More Facebook discussion of this post:
Satvik Beri: I think Bayes’ Theorem is extremely hard to apply usefully, to the point that I rarely use it at all despite working in data science.
A major problem that leads people to be underconfident is the temptation to round down evidence to reasonable odds, like the post mentions. A major problem that leads people to be overconfident is applying lots of small pieces of information while discounting the correlations between them.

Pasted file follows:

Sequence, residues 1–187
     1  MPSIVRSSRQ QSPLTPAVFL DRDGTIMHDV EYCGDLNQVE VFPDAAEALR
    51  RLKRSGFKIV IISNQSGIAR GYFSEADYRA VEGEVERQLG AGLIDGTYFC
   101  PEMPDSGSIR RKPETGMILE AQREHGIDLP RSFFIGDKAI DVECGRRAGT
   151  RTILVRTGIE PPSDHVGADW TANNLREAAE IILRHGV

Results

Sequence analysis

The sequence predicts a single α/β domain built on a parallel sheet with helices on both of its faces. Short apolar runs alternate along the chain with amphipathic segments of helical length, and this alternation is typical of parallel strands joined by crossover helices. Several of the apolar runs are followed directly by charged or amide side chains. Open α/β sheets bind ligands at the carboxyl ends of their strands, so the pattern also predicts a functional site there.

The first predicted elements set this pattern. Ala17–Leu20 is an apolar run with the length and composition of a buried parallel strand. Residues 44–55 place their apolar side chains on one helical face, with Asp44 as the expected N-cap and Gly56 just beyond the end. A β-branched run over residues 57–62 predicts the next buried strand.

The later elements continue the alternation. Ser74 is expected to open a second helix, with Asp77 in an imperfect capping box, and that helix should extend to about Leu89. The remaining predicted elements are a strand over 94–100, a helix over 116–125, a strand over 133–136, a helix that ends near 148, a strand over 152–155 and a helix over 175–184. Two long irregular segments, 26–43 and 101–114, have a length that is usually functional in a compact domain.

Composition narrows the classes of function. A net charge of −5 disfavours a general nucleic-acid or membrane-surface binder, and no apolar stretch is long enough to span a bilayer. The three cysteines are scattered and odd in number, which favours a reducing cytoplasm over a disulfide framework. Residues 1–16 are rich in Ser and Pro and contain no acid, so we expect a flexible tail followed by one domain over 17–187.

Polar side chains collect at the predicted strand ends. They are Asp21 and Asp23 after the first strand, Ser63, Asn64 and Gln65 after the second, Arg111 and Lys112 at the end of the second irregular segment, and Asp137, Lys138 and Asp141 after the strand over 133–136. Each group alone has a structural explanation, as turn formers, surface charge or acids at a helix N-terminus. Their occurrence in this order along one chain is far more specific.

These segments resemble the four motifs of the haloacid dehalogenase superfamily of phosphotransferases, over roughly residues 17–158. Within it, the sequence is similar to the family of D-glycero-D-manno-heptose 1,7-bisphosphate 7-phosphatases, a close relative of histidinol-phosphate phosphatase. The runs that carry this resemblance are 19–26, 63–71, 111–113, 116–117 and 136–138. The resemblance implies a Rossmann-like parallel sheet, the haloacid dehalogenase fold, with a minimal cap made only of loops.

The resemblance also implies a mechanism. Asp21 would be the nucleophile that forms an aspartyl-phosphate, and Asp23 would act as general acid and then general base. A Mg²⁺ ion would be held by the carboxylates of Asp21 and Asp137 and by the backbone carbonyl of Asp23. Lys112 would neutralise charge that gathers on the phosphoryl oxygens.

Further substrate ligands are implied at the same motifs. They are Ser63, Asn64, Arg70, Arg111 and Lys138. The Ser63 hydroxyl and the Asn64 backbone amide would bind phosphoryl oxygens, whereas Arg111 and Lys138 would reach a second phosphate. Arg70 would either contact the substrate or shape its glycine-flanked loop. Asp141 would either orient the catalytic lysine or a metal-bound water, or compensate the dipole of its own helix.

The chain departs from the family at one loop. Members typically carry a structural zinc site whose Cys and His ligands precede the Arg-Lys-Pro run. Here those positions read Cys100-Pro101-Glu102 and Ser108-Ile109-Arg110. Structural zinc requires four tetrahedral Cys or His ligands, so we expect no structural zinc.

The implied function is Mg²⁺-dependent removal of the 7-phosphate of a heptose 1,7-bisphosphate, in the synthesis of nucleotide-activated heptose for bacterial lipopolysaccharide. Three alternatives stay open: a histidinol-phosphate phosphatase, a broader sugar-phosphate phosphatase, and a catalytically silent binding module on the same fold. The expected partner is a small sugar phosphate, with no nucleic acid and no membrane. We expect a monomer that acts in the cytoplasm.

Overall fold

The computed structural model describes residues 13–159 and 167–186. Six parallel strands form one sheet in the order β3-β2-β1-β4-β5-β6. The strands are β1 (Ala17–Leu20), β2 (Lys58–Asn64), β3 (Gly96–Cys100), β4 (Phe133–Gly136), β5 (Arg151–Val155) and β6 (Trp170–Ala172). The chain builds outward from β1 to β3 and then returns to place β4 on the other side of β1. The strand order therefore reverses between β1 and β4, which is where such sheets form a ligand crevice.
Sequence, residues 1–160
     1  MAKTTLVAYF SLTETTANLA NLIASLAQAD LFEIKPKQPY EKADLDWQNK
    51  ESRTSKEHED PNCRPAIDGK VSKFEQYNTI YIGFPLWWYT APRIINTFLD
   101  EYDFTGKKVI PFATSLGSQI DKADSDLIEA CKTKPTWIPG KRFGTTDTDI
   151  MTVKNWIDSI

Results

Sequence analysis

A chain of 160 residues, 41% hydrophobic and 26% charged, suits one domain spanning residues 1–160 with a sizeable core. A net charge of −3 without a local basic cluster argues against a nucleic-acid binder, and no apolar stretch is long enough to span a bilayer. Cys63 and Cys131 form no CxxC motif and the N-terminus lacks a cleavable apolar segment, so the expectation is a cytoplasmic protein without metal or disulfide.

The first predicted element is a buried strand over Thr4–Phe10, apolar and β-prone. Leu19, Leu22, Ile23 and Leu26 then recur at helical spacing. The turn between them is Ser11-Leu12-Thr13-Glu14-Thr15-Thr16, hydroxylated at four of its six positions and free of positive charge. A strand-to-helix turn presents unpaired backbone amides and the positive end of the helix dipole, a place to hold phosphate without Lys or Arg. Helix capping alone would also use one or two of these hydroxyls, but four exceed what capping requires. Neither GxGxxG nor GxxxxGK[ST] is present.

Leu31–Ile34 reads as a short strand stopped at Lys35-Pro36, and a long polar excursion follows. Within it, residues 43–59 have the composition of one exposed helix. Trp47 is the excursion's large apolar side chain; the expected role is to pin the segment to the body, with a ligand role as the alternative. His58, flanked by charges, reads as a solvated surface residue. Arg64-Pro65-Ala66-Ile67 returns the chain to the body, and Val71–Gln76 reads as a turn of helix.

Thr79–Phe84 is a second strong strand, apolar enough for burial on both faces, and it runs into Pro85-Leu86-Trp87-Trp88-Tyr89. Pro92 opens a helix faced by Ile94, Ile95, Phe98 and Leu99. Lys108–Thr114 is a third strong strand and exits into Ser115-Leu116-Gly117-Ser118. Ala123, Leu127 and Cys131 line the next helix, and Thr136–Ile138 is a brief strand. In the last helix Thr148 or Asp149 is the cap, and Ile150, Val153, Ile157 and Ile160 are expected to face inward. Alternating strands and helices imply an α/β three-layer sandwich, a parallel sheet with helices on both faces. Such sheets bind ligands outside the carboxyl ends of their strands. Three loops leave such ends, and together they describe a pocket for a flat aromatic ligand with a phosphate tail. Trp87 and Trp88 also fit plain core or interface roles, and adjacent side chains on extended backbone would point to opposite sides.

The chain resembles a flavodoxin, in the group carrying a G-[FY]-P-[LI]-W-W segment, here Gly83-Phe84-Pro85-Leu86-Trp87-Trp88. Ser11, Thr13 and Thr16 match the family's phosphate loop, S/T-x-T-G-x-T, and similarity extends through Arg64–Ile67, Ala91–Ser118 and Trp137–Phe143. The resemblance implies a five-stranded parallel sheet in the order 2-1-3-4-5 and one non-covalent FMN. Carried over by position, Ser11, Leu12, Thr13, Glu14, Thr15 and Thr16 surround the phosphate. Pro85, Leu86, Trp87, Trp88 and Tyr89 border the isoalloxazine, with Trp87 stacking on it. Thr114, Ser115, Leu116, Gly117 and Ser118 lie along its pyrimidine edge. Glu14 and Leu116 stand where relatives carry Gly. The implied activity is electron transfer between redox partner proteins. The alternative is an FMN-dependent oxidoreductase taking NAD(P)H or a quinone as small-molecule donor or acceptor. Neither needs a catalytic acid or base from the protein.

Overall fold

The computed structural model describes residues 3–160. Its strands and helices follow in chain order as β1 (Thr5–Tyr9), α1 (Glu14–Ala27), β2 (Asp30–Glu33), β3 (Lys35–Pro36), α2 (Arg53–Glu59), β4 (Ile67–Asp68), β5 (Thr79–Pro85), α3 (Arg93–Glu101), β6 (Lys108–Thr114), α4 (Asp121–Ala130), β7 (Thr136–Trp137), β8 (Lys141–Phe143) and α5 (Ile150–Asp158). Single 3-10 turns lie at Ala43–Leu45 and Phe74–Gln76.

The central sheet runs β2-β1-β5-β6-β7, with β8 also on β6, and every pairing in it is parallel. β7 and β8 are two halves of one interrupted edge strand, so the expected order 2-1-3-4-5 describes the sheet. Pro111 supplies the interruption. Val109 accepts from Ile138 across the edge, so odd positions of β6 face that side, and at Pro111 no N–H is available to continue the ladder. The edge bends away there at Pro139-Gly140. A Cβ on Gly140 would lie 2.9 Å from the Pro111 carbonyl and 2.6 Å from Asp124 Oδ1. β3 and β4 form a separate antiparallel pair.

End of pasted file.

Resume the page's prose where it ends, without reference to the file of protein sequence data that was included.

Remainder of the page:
A comment [on LessWrong] mentions that if you have excellent returns for a year, that’s strong evidence you’re a top 1% trader. That’s not really true, the market tends to move in regimes for long periods of time, so a strategy that works well for a year is pretty likely to have average performance the next year. Studies on hedge fund managers have found it is extremely difficult to find consistent outperformers, e.g. 5-year performance on pretty much any metric is uncorrelated to the performance on that metric next year.
I didn’t say anything about what size/duration of returns would make you a top 1% trader.